Spot on impersonation, but little else.
I've never seen a doc*mentary on Margaret Thatcher, but have seen a few snippets of footage, which is enough to ascertain that Meryl Streep did a spot on impersonation of her in this film. This wasn't surprising given Streep's talent, but not much range was explored with the character since you only get the very public outspoken Thatcher, and the private elderly Thatcher in this film. So while the impersonation is uncanny in voice, tone, and mannerisms, I still wasn't too crazy about the performance.
I wasn't intrigued by the film at all either. There was no real ongoing plot, just one random milestone after another depicted too briefly to become engaged with it. And given the film's runtime of 105 minutes--notably short for a film credited as a biopic--then it comes as no surprise that this film would have to rush through all the major events Thatcher faced, though at an unbearably slow pace, which given the amount of events covered is surprising. Basically the story is structured around the dementia suffering Thatcher in 2008 randomly recounting milestones and roadblocks in her career. Because of the amount they cover, they only give you the bare bones background information on the issues she faces, and don't really shed light on why she's a success or a failure, depending on your political opinion of her. Therefore, I wasn't engaged in the story as I myself am not too familiar with the domestic issues she faced. Ergo, I wasn't sure how to react to what she was doing; Positively because she was the first woman to hold the post and held it for the longest time in the twentieth century? Negatively since she may be doing a bad job depending on how you see it? I don't know. I especially can't judge the latter because of the lack of context to each challenge she faces. Though I'm leaning towards the former given the resume of the film's director Phyllida Lloyd who previously worked with Streep on "Mamma Mia!" (2008), given that story was also about the character's emotions instead of the context of the scenario.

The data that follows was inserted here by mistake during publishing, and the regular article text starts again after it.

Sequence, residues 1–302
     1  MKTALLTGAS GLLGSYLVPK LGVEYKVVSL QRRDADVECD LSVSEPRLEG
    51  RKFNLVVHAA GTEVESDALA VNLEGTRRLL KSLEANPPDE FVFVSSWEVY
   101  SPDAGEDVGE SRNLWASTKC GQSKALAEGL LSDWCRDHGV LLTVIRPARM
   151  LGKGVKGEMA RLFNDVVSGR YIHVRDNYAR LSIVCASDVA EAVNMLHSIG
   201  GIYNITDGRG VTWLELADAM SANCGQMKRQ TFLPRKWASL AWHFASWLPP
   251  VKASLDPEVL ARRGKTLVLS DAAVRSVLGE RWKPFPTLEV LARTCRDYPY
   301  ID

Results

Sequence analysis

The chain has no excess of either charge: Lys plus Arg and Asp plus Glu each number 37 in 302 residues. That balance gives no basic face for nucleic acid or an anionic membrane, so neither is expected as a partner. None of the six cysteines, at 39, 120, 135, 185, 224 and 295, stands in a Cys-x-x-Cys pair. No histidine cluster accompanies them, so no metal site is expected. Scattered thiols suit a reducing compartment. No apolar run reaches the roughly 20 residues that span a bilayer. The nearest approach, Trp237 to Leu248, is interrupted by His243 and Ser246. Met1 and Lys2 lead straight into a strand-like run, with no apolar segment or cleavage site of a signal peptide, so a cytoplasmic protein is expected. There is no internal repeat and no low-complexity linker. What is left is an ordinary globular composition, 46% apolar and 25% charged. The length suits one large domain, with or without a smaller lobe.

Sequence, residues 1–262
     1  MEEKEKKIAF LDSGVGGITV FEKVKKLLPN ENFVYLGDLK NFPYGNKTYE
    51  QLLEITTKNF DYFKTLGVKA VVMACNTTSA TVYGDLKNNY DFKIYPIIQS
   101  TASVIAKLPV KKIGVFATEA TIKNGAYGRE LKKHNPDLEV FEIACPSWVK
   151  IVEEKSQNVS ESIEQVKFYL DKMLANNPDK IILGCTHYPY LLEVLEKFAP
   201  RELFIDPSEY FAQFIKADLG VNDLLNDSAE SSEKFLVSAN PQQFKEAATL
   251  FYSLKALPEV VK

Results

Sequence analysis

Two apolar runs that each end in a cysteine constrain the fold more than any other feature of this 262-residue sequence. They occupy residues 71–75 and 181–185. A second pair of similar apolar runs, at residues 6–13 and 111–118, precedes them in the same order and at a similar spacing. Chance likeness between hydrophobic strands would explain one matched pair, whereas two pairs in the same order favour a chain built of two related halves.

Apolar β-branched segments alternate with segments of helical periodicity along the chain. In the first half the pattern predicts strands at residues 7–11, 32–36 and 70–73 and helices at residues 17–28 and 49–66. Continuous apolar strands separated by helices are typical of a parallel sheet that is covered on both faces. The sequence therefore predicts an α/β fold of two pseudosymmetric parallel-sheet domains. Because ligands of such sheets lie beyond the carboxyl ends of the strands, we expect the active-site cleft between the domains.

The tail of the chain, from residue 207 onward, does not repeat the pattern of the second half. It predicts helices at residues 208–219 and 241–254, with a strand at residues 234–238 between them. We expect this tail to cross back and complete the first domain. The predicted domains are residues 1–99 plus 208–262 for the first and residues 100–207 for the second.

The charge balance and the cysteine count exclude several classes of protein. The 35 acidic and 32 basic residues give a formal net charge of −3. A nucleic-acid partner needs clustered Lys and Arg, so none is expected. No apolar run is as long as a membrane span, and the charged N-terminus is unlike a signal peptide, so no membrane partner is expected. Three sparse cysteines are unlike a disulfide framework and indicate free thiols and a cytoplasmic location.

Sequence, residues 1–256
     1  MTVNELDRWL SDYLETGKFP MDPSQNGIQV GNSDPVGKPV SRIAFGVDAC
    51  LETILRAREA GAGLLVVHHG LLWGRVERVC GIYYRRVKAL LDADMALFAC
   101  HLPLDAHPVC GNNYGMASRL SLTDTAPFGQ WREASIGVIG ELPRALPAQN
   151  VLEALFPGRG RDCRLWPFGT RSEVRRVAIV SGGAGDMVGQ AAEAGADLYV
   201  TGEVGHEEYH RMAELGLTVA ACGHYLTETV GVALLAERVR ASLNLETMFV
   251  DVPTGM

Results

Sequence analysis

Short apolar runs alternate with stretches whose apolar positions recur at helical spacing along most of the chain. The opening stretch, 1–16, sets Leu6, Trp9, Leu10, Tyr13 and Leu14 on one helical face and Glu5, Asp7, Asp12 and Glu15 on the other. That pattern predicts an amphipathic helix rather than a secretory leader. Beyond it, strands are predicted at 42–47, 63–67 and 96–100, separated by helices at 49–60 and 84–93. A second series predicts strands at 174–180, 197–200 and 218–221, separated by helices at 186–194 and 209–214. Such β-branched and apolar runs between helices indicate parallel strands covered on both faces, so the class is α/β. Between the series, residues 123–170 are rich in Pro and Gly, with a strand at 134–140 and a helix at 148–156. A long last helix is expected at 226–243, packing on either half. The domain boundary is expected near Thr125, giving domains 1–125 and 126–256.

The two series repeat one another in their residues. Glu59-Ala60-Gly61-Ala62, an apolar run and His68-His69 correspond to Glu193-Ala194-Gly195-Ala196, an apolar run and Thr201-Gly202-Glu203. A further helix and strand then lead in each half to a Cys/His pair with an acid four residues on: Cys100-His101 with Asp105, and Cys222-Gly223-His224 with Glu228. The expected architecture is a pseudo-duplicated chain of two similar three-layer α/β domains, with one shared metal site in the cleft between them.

To hold the narrative together is Thatcher's husband Denis whom Jim Broadbent plays rather playfully. He's full of good humor and is the best stress reliever Margaret can have. He's the real highlight of the film for me, and I enjoyed his performance better, as I liked his character more than Streep's. So basically Broadbent is who really kept me watching the film. It was too slow, boring, and off-putting given the lack of context to the events depicted. But he was only a supporting character, so he couldn't salvage my overall feelings about the film.
Overall, see it if you really love Meryl Streep, or are impressed with impersonations. Skip it if you're looking for your traditional biopic.